Thursday, May 24, 2012

The lighter side of SSPX-Rome détente

So ... SSPX Bp. Fellay calls the Vatican and says ...


Fr. John Zuhlsdorf, striking a diplomatic pose, writes in the above-linked post:
Yes, this is an exageration, but there is a grain of truth in it, no?

A while back I read a comment that if some members of the SSPX have turned Vatican II into a “Super Heresy”, some liberals have turned it into a “Super Dogma”.

We need to read every Council in the light of the others, but especially Vatican II in light of those that went before. Vatican II cannot be properly read apart from the other Councils and the Church’s Magisterium

We need a hermeneutic of continuity and not a hermeneutic of discontinuity and rupture – in either direction.

As my old pastor used to say, you can go into the ditch on either side of the road.


1 comments:








Ralph Roister-Doister

said...

Those who make it a "super dogma" do so on the basis of inspiration of the Holy Spirit. The Holy Spirit is their trump card. During the days of the council, and in the years immediately following, council participants were preening and posing in front of media mirrors over the sheer brilliance of what they had done, and constantly invoked the Holy Spirit as their guarantor.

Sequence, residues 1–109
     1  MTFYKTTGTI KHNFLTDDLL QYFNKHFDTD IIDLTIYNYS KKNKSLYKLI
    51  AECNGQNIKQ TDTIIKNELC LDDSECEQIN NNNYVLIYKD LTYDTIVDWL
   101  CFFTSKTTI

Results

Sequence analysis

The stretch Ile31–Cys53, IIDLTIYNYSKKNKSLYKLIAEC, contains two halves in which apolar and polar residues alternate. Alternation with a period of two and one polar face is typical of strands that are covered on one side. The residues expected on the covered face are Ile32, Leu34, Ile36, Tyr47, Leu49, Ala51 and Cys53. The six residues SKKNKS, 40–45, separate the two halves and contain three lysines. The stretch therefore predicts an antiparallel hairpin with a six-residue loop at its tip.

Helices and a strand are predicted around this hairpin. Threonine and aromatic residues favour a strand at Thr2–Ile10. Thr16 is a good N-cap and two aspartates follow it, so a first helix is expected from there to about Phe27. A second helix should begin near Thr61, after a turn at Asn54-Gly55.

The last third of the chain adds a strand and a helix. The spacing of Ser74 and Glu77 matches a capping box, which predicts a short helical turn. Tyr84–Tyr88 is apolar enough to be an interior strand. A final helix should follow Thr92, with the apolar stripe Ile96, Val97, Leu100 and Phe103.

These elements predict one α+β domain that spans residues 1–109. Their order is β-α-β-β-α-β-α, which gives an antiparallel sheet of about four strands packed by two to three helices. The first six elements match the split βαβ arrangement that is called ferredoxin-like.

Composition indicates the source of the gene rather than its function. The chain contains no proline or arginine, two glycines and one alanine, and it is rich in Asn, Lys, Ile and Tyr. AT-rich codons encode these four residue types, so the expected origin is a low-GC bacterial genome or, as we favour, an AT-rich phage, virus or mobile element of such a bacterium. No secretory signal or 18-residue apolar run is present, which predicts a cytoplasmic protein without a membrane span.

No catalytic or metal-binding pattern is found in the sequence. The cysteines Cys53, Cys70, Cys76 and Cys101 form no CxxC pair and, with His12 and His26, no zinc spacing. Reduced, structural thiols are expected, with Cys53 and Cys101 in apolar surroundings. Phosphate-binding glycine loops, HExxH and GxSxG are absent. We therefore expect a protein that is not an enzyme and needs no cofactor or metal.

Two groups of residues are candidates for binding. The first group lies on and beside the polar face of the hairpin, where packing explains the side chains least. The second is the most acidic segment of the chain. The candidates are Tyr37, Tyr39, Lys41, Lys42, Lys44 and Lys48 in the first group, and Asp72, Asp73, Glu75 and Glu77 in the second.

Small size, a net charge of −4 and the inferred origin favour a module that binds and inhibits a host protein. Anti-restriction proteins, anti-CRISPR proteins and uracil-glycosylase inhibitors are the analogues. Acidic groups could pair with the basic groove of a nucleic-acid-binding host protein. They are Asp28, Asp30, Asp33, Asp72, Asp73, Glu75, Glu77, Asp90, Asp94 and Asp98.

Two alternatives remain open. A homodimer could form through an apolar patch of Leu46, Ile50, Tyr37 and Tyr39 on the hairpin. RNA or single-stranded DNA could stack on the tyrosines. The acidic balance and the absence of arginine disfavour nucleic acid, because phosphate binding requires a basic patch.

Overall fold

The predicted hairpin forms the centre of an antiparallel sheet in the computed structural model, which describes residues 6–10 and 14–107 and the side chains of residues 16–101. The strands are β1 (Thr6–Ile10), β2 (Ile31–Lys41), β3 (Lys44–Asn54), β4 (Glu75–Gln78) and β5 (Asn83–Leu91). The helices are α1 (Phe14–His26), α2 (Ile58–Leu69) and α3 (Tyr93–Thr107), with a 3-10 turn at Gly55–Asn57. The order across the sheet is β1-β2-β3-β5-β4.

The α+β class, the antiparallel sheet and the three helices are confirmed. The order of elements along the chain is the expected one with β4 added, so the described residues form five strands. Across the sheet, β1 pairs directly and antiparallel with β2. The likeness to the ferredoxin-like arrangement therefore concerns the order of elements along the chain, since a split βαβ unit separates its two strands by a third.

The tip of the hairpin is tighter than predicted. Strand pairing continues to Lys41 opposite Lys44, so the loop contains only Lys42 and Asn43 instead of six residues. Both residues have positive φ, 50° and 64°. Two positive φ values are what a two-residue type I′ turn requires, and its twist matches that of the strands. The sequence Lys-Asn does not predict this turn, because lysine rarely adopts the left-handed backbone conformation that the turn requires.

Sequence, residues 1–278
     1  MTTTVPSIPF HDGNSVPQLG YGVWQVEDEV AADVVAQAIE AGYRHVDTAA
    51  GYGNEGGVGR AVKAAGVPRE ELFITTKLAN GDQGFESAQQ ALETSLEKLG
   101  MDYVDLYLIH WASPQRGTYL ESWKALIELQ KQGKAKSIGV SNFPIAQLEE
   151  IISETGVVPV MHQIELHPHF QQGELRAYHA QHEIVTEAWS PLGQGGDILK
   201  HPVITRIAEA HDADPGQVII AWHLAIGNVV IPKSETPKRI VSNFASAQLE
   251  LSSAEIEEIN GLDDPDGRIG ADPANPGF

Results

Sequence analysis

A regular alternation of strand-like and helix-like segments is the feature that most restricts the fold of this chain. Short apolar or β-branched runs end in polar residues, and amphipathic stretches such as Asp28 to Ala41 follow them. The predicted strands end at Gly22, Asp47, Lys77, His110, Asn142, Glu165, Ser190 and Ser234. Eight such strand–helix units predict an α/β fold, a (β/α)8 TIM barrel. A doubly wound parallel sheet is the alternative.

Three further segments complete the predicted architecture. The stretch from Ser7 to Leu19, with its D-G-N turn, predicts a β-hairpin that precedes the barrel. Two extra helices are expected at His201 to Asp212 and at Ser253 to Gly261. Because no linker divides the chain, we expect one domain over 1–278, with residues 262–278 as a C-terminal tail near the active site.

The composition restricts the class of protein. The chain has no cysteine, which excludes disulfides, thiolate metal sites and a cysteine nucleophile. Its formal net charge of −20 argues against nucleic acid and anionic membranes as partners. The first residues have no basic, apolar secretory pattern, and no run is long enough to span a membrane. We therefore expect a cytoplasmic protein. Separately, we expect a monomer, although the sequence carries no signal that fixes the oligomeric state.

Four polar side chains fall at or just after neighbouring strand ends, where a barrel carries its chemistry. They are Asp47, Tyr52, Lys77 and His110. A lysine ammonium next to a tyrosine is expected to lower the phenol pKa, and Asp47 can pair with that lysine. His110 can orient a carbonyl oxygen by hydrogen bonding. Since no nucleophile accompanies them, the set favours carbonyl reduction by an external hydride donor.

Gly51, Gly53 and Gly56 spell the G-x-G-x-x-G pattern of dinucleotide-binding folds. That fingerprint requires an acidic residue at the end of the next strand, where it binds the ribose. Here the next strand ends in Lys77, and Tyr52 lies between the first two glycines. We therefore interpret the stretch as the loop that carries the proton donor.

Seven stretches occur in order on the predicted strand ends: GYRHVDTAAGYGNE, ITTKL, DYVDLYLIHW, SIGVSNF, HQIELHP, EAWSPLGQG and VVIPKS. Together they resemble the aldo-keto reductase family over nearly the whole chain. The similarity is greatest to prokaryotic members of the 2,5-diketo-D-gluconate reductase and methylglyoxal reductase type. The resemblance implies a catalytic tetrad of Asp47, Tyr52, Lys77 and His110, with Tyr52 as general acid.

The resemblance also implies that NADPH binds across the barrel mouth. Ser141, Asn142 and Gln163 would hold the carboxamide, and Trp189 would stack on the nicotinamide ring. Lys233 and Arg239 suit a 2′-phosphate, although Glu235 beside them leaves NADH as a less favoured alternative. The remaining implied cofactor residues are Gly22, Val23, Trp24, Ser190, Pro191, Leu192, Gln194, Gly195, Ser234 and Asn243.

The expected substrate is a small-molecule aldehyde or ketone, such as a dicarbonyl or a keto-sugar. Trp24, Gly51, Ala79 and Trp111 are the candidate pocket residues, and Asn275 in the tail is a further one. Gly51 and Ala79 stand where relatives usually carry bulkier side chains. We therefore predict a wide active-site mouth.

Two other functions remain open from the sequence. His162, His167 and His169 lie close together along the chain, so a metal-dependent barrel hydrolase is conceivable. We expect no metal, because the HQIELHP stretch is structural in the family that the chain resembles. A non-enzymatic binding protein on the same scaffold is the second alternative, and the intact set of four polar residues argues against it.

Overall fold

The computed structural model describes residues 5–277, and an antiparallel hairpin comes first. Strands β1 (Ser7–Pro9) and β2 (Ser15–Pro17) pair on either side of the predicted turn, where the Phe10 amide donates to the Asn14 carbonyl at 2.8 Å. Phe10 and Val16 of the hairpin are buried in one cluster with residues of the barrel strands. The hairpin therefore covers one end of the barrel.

Is that true? Is it really that simple? Are their claims unassailable? What does that indicate about such as Ab Lefebvre?

These are the questions that Church leaders have to make up their minds about -- not just for this pope's reign, or until a pope with a contrary mind ascends to the office, but for all time. If the next pope is a flaming protege of Giacomo Lercaro, for example, can he undo what his predecessor now seems about to do? Can he, on the pretexts of "unity" and "discipline," undo the Motu Proprio, either directly or by means of subterfuge? The answer would seem to be, "of course."

It has certainly happened before. It has long been argued, for example, that "Quo Primum does not bind any of the successors of St Peter, for no pope has an authority higher than that of another pope." To accept this statement requires that "Quod Primum" be accepted as merely a disciplinary matter. If THAT is the case, then the Holy Spirit cannot and ought not be claimed as the guarantor.

Did Pius V consider the Holy Spirit a guarantor of the truths in "Quo Primum"? If he did (which seems likely to me). was he wrong to do so? Are there absolutely no doctrinal implications to "Quod Primum"? "Discipline," after all, is only a word. Its nature as such is to be inflated and deflated like Oprah Winfrey's stomach. Doctrine certainly can be thought of as disciplinary in effect.

It suggests to me that there might well be an expiration date on Benedict's promises to the SSPX, perhaps conterminous with his own. Similarly, it suggests that the doctrinal impulses issuing from the great "pastoral" media event of the sixties have a similar expiration date, which, Holy Spirit willing, will one day be upon us.